But now I must tell you that what I have just been describing no longer holds good to-day, for in a certain way man has emancipated himself, in his growth and his whole evolution, from the Earth's activities. If were to go back to the old Lemurian time, or especially to the Polarian time that preceded it, we should find the whole thing quite different. We should observe that everything that occurred on the Earth had a great influence on the human organism. You will indeed have gathered this from the account of the evolution of the Earth given in my Occult Science. In those early times we should find man placed in the very midst of the activities I have been telling you about. To-morrow I will describe how man has emancipated himself from all this; to-day I will speak as though we were still fully involved in it. And here we come to something that to present-day understanding will seem highly paradoxical.

We can ask the question: What does a mother become when she is beginning to develop a new human being? Originally—after all that has first to happen in order that a new human being may come into existence on Earth—it is the salt-forming Moon-forces which chiefly influence the female organism at that time. So we can say that while a woman is otherwise and in general a human being, the salt-forming Moon-forces then have the strongest influence on her. We can put this in spiritual-scientific terms by saying: The woman becomes Moon, just as the Earth—especially just below its surface—becomes Moon when Christmas approaches.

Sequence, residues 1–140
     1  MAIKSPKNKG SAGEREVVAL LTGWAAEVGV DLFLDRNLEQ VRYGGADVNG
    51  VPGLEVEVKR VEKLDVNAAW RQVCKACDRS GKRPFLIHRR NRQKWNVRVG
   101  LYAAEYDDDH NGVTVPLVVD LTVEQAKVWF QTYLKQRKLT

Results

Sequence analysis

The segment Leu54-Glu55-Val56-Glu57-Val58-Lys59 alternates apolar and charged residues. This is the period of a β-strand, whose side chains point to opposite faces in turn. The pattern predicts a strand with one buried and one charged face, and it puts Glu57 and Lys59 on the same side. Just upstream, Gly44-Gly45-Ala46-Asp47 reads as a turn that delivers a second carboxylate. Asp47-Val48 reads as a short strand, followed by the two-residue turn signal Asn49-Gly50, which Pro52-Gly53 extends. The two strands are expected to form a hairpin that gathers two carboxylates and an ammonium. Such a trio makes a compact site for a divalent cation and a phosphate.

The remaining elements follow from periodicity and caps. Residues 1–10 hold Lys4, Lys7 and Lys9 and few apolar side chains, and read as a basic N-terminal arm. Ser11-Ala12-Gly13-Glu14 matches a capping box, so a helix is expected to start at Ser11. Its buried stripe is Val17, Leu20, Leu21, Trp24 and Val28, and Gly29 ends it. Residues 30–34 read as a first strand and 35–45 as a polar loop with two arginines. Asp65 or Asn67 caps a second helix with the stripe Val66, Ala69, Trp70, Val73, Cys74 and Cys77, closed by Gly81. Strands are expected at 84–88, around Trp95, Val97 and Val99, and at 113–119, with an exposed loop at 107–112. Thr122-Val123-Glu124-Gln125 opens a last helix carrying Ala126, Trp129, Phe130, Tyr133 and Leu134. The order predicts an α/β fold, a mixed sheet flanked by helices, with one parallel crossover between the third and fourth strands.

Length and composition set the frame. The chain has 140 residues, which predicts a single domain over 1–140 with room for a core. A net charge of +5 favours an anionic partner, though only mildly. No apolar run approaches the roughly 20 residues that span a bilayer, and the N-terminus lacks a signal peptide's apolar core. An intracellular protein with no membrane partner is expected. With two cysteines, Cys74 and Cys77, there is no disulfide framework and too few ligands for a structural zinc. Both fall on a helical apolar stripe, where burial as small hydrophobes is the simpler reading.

So it is not the Earth only which becomes mostly Moon when deep winter prevails; this tendency of the Earth to become Moon occurs again, in like manner, when a woman prepares herself to receive a new human being. And precisely because of this, the Sun-influence on her becomes different, just as it is different in mid-winter, compared with high summer. And the formation in the woman of the new human being stands wholly under the influence of the Sun. Because the woman takes up the Moon-activities, the salt-activities, so strongly into herself, she becomes able to take up the Sun-activities on their own account. In ordinary life the Sun-activities are taken up by the human organism through the heart and from there spread out over the whole organism. But directly a woman prepares herself to bring forth a new human being, the Sun-activities are concentrated on the forming of this new life. Thus we can say schematically: The woman becomes Moon so that she can take up the Sun-activities into herself; and the new human being, existing first as an embryo, is in this sense wholly Sun-activity. The embryo is enabled to come into being through this concentration of Sun-activities.

The old instinctive clairvoyance knew this in its own way. At one time in old Europe a remarkable idea prevailed. It was thought that before a new-born child had taken any earthly nourishment, it was a quite different being from what it became after imbibing its first drop of milk. That was the old Germanic belief. For these people had an instinctive feeling that the new-born infant was a Sun-being, and that through the first earthly nourishment it received it became a creature of Earth. Hence the new-born infant did not at first belong to the Earth at all. Again, according to occult laws which I might touch on at some other time, old Germanic custom gave the father—at whose feet the child was always laid directly it was born—the right either to let it grow up or to destroy it; for it was not yet a creature of Earth. If it had taken one single drop of milk, he no longer had the right to destroy it. It would then have to remain an Earth-creature, because it had been ordained by nature, by the world, by the cosmos, to be one. In such old customs there lives something of immensely profound significance.